Harajuku, The Maximalist Japanese Aesthetic Is Back For More


Harajuku, The Maximalist Japanese Aesthetic, Is Back For More

The kitschy subculture has always been weird and loud. Years later, the streetwear-inspired trend is having a resurgence.

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Whether it’s a fashion trend on TikTok or a certain style taking over Instagram, internet aesthetics are always changing. Our series ‘Core Club breaks down the looks that you’re starting to see a lot on social media and highlights the people and brands channeling it best. Next up: Harajuku.

Outrageous, almost offensively bold outfits, kitschy accessories, and larger-than-life hair — these are the core tenets of Harajuku style. Celebrities once embraced that look: Nicki Minaj has long lived as the Harajuku Barbie rap queen; Avril Lavigne’s 2013 song “Hello Kitty” was inspired by the fashion movement; and one of Gwen Stefani’s routinely criticized eras centered around the quirks of the Japanese aesthetic, from the song “Harajuku Girls” to the perfume collection that followed it. In 2023, Harajuku is once again back to the forefront — and this time it’s inspiring a new fashion-forward generation to think outside the microtrend loop.

Nicki Minaj, 2012JJ/Bauer-Griffin/GC Images/Getty Images
Kyary Pamyu Pamyu, 2013TPG/Getty Images Entertainment/Getty Images
Lady Gaga, 2013Jun Sato/WireImage/Getty Images
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Harajuku carries a long history, beginning in its eponymous district in the heart of Tokyo’s commercial Shibuya district during the 1970s. The neighborhood has been famous for its rich history and reputation as the center of alternative fashion, and it wasn’t unusual to see streets lined with small boutiques that challenged fashion norms. Eventually, cotton candy hues and extravagant gowns that once decorated many independent shops became synonymous with Japan’s outcasts and top stars, from pop singer Kyary Pamyu Pamyu, who gained international fame for her Harajuku aesthetic and catchy music. Years later, it thrives on TikTok, with #harajuku garnering over a billion views on the app.

Harajuku isn’t limited to one specific look. It’s best defined as a collection of aesthetics; styles can range from cute and casual to the extreme and are often interchangeable with adjacent trends like kawaii, lolita, and decora. Harajuku is often associated with cosplayers, though you don’t have to be an anime or manga fan, per se, to appreciate or participate in it.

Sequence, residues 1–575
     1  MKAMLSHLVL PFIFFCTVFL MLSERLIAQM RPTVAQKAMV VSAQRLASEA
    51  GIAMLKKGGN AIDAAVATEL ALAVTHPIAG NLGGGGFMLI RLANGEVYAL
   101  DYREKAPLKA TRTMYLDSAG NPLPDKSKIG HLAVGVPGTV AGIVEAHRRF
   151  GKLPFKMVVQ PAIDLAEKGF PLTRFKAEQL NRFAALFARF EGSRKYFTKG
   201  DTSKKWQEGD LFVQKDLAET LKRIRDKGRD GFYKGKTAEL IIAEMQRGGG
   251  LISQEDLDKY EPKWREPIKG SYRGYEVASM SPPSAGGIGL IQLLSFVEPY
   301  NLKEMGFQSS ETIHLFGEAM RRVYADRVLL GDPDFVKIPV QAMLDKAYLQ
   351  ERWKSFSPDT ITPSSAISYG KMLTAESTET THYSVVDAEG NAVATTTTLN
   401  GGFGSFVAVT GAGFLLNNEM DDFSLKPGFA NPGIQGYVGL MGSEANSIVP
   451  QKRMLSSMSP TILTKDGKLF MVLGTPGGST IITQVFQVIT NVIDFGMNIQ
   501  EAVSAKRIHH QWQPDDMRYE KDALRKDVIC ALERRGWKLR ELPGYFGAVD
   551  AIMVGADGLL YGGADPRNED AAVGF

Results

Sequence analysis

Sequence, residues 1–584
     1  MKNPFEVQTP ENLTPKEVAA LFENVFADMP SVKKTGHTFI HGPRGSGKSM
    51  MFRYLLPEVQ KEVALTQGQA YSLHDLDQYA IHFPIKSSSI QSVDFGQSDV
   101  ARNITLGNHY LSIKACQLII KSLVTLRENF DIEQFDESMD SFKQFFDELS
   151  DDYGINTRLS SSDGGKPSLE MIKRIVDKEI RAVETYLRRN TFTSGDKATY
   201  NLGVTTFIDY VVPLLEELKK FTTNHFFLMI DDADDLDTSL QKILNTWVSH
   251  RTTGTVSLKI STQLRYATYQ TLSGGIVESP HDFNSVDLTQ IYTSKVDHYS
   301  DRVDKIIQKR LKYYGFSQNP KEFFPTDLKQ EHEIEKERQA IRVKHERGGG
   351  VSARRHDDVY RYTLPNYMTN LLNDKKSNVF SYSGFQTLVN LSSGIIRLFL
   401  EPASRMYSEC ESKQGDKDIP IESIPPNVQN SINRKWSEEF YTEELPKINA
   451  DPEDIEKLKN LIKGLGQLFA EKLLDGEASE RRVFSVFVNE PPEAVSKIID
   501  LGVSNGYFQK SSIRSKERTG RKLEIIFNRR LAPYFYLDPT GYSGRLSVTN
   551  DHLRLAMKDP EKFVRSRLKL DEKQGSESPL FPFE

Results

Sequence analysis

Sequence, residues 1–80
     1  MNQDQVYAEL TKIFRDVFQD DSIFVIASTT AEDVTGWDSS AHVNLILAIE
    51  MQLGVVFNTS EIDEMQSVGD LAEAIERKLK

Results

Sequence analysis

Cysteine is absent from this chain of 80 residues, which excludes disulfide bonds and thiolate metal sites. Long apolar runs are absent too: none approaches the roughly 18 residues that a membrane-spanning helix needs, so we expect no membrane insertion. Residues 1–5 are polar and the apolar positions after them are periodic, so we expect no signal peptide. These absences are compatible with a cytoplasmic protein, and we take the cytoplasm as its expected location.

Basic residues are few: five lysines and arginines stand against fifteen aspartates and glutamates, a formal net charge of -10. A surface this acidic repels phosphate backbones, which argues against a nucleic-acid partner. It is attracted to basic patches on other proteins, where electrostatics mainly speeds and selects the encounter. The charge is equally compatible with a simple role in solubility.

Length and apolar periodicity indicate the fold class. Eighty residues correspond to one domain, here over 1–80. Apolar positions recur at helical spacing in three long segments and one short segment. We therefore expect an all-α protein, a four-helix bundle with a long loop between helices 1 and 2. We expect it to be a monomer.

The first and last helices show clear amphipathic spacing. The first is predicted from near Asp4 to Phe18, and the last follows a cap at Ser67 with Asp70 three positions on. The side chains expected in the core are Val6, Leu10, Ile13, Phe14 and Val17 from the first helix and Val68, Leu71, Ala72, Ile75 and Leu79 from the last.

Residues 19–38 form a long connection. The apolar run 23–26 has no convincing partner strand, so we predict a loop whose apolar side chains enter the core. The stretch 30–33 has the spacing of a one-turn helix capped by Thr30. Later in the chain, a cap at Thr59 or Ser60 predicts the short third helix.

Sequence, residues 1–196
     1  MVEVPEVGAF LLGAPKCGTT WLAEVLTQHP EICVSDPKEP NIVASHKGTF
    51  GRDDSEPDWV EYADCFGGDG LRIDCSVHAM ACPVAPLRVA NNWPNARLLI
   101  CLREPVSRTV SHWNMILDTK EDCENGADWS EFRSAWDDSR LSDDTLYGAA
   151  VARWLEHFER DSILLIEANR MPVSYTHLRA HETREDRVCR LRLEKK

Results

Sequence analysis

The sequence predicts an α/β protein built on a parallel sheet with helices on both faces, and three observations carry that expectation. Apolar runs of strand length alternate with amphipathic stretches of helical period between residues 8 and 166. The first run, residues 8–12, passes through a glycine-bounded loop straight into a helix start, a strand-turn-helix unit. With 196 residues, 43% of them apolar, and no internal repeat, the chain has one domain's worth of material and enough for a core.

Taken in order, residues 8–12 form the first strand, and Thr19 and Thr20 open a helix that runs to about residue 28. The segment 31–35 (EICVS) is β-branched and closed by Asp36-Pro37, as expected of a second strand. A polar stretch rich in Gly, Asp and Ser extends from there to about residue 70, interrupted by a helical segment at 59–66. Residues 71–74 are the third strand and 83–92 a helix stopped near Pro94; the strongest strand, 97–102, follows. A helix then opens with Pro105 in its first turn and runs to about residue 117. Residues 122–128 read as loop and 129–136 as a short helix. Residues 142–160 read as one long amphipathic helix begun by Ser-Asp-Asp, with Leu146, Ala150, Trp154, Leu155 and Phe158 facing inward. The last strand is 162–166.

“Harajuku fashion is an umbrella term for so many styles, from dark and elegant to crazy and colorful. There is no one ‘right’ way to be Harajuku,” says Jasmine Rose, founder of Harajuku Day in Los Angeles. “In its essence, every style that falls under this umbrella dares you to be authentically you, especially that means wearing seven layers of clothing with 10 different patterns top with your favorite ‘90s toy as a necklace.”

Brooklyn-based content creator Ketevani, better known as @keto.pataraia, says the first things that come to mind are Japanese aesthetics and subcultures. Still, to this day, “people are also associating the Harajuku style, especially on TikTok, to that of the FRUiTS magazine and maximalist fashion.”

Usually, ‘core trends are differentiated from its sister subgenres, but Harajuku encompasses it all and takes influences from Eastern and Western pop culture. “Kawaii translates to ‘cute’ [in Japanese] and isn’t technically a subgenre,” adds Rose. “But just like how other alternative styles — goth and punk, for example — have endless variations in aesthetic, people want to try out new and different styles without committing to one specific look.”